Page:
WASHINGTON — When Kai Kahele announced he was running for Hawaii’s 2nd Congressional District in 2019, he vowed one thing to his future constituents — that he’d show up and do the job.

It was a stark contrast to the person who was sitting in the seat at the time.

U.S. Rep. Tulsi Gabbard, a Democrat, had just announced she was running for president, and there were concerns that she had already given up on the district she had represented since 2013. Kahele attacked Gabbard’s naked political ambition and promised he was different.

Now, he seems to have backed away from that commitment.

Representative Kai Kahele speaks during a Red Hill Fuel tank rally held at the Capitol.
U.S. Rep. Kai Kahele, seen here at a rally at the state capitol in February, has avoided Washington for much of the past four months. Cory Lum/Civil Beat/2022

A Civil Beat analysis of Kahele’s voting record found that over the past four months Kahele has rarely spent any time in Washington.

He skipped President Joe Biden’s State of the Union address, was the only member of the state’s federal delegation to miss out on meetings with city officials who were in D.C. to talk to the Federal Transit Administration about the future of Honolulu’s $10 billion rail project and was a no-show for a House Armed Services Committee hearing last week to discuss the Department of Defense’s $773 billion budget request for fiscal year 2023.

So far in 2022, Kahele has only cast five votes in person, all of them over the course of three days in January.

His remaining 120 votes — including one on April 2 to decriminalize marijuana that he boasted about in a press release including photos of him at a Big Island dispensary — were cast via proxy, meaning he had asked a fellow member to vote on his behalf on the House floor while he stayed home in the islands.

Since the beginning of the year, House voting records show Kahele voted by proxy more than all but three of his 429 colleagues.

By comparison, U.S. Rep. Ed Case, who represents Hawaii’s 1st Congressional District, has yet to ask someone to vote for him in 2022 and has only done so 30 times since 2020.

Prior to December, Kahele only voted by proxy 49 times, with most of those coming in March 2021 when Hawaii suffered historic flooding.

In early December, Kahele was still regularly coming to Washington for business, and even made headlines when he grilled top Navy officials about a fuel leak at the Red Hill fuel storage facility on Oahu that poisoned the drinking water for thousands of families.

But soon after, he began spending almost all of his time back in Hawaii.

Kahele has refused to talk about his absence in Washington.

When Civil Beat contacted his office to request an interview, his communications director, Michael Ahn, responded with an email saying that the first-term congressman was “not available.”

The office also refused to provide Civil Beat with a copy of Kahele’s schedule over the past four months to show how he has been spending his time representing his district. What is known is that Kahele has said he is seriously considering a run for governor in 2022, although that pronouncement came nearly two months after he stopped showing up for in-person votes.

“It’s unusual to have someone gone this long with no explanation,” said John Hart, a professor of communication at Hawaii Pacific University. “I presume Democratic leadership would prefer for him to be there so I think it’s legitimate for the public to question why he’s not. For most of us if we don’t show up for work people ask why. If we don’t have a good reason then there are consequences.”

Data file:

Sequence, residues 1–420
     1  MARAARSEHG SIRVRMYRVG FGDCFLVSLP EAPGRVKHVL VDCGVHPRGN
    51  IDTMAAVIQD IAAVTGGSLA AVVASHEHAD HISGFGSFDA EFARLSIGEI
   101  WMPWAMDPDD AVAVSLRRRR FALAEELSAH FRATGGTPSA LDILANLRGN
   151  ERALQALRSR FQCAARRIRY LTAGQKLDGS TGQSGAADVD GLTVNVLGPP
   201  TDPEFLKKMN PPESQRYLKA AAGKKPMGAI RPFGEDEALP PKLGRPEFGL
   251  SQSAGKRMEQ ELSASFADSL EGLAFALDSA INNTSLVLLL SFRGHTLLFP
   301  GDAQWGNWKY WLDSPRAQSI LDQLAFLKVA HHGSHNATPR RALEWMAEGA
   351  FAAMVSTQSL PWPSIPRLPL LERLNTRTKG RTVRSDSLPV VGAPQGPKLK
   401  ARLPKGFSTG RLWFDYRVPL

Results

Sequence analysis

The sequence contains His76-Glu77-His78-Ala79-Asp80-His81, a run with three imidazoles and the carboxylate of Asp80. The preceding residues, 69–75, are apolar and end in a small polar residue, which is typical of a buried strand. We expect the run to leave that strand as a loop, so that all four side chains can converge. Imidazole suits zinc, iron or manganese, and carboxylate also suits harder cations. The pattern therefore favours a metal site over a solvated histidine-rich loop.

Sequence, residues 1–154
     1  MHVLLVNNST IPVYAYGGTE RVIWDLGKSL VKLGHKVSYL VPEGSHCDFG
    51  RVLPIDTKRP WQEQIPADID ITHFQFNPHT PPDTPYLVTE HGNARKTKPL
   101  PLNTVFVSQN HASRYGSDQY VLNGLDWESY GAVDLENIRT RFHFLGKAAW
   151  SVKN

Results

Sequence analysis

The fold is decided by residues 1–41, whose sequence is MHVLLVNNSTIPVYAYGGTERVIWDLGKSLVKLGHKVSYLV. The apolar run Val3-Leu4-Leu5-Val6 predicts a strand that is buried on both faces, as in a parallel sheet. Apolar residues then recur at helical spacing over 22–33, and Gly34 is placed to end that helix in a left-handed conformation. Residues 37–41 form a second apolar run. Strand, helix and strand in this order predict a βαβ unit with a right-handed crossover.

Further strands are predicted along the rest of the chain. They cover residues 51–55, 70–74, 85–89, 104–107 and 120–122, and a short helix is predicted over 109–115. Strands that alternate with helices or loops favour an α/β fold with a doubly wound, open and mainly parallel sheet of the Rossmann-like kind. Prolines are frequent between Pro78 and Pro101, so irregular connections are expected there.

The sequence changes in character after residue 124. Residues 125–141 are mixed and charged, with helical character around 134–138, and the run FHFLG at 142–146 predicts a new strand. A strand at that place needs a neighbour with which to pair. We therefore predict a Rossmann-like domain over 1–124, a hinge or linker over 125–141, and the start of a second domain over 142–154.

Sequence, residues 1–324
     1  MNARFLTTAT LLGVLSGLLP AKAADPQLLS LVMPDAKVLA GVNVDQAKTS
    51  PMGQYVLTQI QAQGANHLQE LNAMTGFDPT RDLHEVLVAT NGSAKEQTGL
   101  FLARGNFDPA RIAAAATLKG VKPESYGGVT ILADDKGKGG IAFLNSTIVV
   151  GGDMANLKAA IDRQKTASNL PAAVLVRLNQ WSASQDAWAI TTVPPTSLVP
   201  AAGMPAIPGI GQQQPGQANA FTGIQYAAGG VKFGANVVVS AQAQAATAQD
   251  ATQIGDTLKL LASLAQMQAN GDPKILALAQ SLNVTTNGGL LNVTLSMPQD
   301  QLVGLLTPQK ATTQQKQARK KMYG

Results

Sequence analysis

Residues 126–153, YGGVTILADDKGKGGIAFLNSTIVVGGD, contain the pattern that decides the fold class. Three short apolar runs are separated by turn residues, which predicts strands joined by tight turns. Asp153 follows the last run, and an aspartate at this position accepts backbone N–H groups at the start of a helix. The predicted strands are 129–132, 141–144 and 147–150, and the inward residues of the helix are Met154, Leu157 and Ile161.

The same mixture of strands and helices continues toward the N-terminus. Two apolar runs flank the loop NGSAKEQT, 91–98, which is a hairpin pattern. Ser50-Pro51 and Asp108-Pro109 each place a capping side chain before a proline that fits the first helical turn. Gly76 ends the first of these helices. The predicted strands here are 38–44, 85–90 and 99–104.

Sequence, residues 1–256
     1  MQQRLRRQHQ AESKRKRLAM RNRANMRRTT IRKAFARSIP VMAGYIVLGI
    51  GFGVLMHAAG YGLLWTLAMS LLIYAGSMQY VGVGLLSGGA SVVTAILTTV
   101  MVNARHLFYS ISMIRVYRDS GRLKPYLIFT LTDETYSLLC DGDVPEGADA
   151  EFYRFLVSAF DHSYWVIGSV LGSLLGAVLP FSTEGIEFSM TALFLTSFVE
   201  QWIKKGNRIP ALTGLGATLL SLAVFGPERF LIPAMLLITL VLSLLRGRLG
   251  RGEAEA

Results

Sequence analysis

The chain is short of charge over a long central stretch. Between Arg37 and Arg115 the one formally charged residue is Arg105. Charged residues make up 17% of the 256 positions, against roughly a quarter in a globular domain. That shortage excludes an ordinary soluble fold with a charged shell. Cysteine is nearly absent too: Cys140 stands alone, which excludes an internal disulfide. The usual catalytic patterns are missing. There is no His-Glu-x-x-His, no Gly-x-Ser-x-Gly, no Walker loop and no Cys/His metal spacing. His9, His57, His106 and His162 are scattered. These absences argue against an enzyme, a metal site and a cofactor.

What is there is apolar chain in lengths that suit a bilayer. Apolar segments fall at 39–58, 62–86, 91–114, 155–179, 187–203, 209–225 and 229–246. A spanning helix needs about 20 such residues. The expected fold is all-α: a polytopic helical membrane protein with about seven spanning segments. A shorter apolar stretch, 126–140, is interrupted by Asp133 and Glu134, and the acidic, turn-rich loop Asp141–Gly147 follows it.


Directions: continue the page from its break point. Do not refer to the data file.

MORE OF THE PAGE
House Speaker Nancy Pelosi’s office did not respond to a request for comment about Kahele’s extended absence.

Using Covid As An Excuse To Say Home

In letters filed with the House Clerk’s Office, including one dated April 4, Kahele wrote that he is voting by proxy “due to the ongoing public health emergency.”

His social media accounts, however, have shown him traveling around Hawaii, including between islands, to meet with local officials and constituents and hold press events while courting a run for the governor’s office.

An image of U.S. Rep. Kai Kahele touring a marijuana dispensary on the Big Island. U.S. Rep. Kai Kahele

Kahele, too, continues to work as a Hawaiian Airlines pilot, a job that paid him nearly $120,000 in 2020, according to his most recent House financial disclosure report. As a member of Congress he earns an annual salary of $174,000.

Kahele’s absence has not gone unnoticed, according to two Washington-based lobbyists who spoke to Civil Beat on the condition of anonymity because they were not authorized to do so by their firms.

Congress is now in the middle of appropriations season and members are crafting their requests for federal dollars.

The lobbyists said Kahele’s office has been slow to seek these requests for the upcoming year when compared to other members, including Case, who sits on the Appropriations Committee.

There are also concerns that Kahele is not fully engaged with his committees, which oversee transportation and the military, two critical topics for Hawaii, and that his office has done little to pick up the slack for him while he’s been gone.

Both lobbyists used the same word to describe the response coming out of Kahele’s office when it comes to scheduling meetings or discussing major policy initiatives, such as the National Defense Authorization Act that sets the policy agenda for the U.S. military — “Crickets.”

“This is a significant departure from how they operated in the past,” one of the lobbyists said. “The office always had a work ethic, but it’s obvious that they decided not to show up anymore.”

Proxy voting is only allowed in the House and was approved in May 2020 in response to the Covid-19 pandemic. At the time, there were no vaccines for the coronavirus, and House leaders wanted to limit exposure for members and their staff.